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Esme G. Murdock
San Diego State University
  1.  13
    Unsettling Reconciliation: Decolonial Methods for Transforming Social-Ecological Systems.Esme G. Murdock - 2018 - Environmental Values 27 (5):513-533.
    'Political reconciliation' refers to processes for establishing right relations between groups that are emerging from a history coloured by violent relations. However, dominant Western, euro-descendent philosophies of political reconciliation rarely focus on ecological forms of harm or consider practices of ecological violence as constitutive of the violent relations that reconciliation hopes to repair. This article argues that the exclusion of ecological dimensions of harm from dominant Western models of political reconciliation is one way of understanding Indigenous claims of dissatisfaction with (...)
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  2.  5
    Why Epistemic Decolonization?Pascah Mungwini, Aaron Creller, Michael J. Monahan & Esme G. Murdock - 2019 - Journal of World Philosophies 4 (2):70-105.
    Why decolonize knowledge and philosophy? Pascah Mungwini proposes that epistemic decolonization should be implemented to remain true to the spirit of philosophy and to the idea of humanity. Aaron Creller, Michael Monahan, and Esme Murdock focus on different aspects of Mungwini’s proposal in their individual responses. Creller suggests some “best practices” so that comparative epistemology can take into account the parochial embeddedness of universal reason. While Monahan underscores that world philosophy as a project must openly acknowledge its own incompleteness and (...)
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    This Land Was Made for … : Appearing Black/Brown Female Corporeality, Life, and Death.Esme G. Murdock - forthcoming - Hypatia:1-14.
    Lands and bodies are often conceptualized as exhaustible objects and property within settler-colonial and neoliberal ideologies. These conceptualizations lead to underdevelopment of understandings of lands and bodies that fall outside of these ascriptions, and also attempt to actively obscure the pervasive ways in which settler colonialism violently reinscribes itself on the North American landscape through the murder and disappearance of Black and Brown women's bodies. In this article, I will argue that the continual murder and disappearance of Black and Brown (...)
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    Whose Justice is It Anyway? Mitigating the Tensions Between Food Security and Food Sovereignty.Samantha Noll & Esme G. Murdock - 2020 - Journal of Agricultural and Environmental Ethics 33 (1):1-14.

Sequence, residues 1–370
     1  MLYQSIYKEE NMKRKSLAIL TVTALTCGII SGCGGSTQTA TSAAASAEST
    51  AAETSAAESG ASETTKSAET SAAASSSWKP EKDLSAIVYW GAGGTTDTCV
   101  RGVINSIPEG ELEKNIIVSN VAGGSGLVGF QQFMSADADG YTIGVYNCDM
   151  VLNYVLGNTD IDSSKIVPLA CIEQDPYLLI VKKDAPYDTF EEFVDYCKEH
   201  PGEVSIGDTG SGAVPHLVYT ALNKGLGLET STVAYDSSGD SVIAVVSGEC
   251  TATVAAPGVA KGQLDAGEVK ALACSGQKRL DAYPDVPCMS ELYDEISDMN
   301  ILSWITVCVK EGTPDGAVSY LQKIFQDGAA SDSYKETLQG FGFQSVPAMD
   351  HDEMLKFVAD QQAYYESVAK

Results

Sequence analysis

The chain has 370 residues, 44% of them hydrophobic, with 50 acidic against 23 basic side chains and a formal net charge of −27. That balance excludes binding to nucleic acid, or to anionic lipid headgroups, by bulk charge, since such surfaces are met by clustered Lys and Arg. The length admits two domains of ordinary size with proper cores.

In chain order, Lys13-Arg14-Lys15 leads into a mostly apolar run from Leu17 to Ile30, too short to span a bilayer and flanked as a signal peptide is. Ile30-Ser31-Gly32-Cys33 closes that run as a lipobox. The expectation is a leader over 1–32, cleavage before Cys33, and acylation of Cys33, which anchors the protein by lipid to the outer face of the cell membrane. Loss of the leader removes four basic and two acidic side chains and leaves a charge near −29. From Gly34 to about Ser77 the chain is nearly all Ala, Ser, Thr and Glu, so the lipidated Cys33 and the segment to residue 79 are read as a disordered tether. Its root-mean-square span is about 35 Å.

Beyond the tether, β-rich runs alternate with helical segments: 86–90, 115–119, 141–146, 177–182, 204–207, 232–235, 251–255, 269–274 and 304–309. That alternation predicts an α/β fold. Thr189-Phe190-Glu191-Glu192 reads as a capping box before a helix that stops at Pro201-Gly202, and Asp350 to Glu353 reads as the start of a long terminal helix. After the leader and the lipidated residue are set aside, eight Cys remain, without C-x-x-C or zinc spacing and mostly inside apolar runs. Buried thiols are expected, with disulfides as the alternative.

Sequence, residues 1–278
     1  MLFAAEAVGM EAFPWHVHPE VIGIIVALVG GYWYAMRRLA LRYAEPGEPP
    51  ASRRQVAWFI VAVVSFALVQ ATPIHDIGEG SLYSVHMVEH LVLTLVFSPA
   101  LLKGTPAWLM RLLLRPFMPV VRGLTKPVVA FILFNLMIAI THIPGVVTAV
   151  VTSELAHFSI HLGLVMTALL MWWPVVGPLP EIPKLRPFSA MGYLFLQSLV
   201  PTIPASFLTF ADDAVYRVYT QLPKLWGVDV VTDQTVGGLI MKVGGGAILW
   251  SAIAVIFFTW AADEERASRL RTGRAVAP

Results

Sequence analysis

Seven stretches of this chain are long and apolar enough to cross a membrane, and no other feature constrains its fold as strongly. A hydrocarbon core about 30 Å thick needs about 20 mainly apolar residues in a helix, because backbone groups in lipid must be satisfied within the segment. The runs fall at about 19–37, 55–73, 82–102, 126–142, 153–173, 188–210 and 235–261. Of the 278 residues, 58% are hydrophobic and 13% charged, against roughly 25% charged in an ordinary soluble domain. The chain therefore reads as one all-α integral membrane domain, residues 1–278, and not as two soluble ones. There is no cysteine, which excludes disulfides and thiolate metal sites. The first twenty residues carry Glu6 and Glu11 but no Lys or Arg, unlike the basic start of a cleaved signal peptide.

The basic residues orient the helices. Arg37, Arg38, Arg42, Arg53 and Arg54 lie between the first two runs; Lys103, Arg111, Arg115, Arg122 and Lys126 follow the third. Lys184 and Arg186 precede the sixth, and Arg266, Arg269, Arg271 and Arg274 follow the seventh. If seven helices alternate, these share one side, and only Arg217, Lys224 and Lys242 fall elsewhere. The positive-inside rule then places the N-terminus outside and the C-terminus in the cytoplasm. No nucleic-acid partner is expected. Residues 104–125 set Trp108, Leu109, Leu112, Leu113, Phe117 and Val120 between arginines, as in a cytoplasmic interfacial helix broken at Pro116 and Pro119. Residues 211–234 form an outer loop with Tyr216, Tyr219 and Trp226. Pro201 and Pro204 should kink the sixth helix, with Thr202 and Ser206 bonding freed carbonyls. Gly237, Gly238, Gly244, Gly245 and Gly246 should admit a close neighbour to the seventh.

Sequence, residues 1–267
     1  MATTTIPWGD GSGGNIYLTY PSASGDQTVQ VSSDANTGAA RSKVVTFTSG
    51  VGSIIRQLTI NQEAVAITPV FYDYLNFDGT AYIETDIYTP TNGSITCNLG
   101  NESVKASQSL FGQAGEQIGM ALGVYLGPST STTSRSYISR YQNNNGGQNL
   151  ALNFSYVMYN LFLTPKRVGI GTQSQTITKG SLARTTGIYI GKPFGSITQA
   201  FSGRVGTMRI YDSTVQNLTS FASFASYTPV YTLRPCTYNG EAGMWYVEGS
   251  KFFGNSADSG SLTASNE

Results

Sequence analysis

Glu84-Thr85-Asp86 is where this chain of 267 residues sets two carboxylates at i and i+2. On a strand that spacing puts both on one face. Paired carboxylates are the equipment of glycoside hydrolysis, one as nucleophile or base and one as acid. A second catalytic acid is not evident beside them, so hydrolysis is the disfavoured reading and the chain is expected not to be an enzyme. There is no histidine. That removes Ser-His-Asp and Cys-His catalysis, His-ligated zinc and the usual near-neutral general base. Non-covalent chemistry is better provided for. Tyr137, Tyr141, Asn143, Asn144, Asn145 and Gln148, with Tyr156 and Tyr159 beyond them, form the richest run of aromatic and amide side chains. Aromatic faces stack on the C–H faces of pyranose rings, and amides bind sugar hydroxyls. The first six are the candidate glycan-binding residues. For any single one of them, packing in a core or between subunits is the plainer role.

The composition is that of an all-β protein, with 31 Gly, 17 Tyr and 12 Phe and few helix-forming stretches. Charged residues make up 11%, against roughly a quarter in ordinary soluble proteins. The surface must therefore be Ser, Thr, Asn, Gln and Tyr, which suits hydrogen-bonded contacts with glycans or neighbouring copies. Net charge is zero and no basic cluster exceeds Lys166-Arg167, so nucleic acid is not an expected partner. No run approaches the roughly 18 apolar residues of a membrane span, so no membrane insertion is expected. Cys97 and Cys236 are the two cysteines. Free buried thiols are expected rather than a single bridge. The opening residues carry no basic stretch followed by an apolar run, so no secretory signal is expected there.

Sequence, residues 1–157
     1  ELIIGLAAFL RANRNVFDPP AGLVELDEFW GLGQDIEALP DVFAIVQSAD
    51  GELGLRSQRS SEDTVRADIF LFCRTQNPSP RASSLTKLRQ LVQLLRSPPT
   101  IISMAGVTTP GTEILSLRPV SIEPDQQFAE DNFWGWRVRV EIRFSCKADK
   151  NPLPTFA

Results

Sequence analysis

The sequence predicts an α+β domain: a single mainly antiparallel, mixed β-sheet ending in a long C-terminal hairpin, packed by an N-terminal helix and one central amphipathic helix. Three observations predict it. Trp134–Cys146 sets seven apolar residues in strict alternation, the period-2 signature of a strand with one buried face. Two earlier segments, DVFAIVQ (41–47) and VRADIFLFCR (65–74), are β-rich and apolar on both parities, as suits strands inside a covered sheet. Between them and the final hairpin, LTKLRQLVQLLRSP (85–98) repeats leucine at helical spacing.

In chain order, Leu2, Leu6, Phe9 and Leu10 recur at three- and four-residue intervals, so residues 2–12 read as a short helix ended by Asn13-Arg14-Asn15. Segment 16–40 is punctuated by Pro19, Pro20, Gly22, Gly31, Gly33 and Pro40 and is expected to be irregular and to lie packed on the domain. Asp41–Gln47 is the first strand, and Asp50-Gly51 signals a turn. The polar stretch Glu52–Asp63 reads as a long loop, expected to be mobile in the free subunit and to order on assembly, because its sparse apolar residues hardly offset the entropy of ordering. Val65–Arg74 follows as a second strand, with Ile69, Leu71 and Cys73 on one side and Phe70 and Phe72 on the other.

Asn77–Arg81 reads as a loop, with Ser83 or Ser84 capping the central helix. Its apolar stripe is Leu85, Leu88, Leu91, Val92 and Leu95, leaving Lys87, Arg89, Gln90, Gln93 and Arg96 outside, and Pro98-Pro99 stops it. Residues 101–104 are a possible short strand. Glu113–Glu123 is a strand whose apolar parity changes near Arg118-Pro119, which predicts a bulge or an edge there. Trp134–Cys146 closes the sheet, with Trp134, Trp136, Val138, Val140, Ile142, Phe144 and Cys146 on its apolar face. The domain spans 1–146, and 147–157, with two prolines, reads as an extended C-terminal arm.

This paper explores the tensions between two disparate approaches to addressing hunger worldwide: Food security and food sovereignty. Food security generally focuses on ensuring that people have economic and physical access to safe and nutritious food, while food sovereignty movements prioritize the right of people and communities to determine their agricultural policies and food cultures. As food sovereignty movements grew out of critiques of food security initiatives, they are often framed as conflicting approaches within the wider literature. This paper explores (...)
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    Storied with Land: ‘Transitional Justice’ on Indigenous Lands.Esme G. Murdock - 2018 - Journal of Global Ethics 14 (2):232-239.
    Transitional justice is positioned as an emergent discourse to grapple with the aim, and subsequent practices, of moving societies mired in violent political relations to more stable, democratic political relations. Increasingly, precepts of transitional justice are being applied to political reconciliatory processes in so- called liberal democratic states. This article examines limitations to transitional justice paradigms especially when applied to Indigenous-state reconciliatory processes by centering Indigenous scholarly discourse critical of both transitional justice and reconciliation processes that position Indigenous peoples, Indigenous (...)
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  6. Whose Justice is it Anyway? Mitigating the Tensions Between Food Security and Food Sovereignty.Samantha Noll & Esme G. Murdock - 2020 - Journal of Agricultural and Environmental Ethics 33 (1):1-14.
    This paper explores the tensions between two disparate approaches to addressing hunger worldwide: Food security and food sovereignty. Food security generally focuses on ensuring that people have economic and physical access to safe and nutritious food, while food sovereignty movements prioritize the right of people and communities to determine their agricultural policies and food cultures. As food sovereignty movements grew out of critiques of food security initiatives, they are often framed as conflicting approaches within the wider literature. This paper explores (...)
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